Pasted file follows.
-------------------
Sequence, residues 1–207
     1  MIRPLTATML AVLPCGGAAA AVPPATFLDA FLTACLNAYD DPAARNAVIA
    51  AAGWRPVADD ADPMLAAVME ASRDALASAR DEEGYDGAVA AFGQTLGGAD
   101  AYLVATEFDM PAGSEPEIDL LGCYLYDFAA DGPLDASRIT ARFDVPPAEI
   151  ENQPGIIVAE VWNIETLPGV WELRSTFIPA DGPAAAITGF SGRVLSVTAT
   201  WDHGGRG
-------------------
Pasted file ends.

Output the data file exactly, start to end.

Sequence, residues 1–207
     1  MIRPLTATML AVLPCGGAAA AVPPATFLDA FLTACLNAYD DPAARNAVIA
    51  AAGWRPVADD ADPMLAAVME ASRDALASAR DEEGYDGAVA AFGQTLGGAD
   101  AYLVATEFDM PAGSEPEIDL LGCYLYDFAA DGPLDASRIT ARFDVPPAEI
   151  ENQPGIIVAE VWNIETLPGV WELRSTFIPA DGPAAAITGF SGRVLSVTAT
   201  WDHGGRG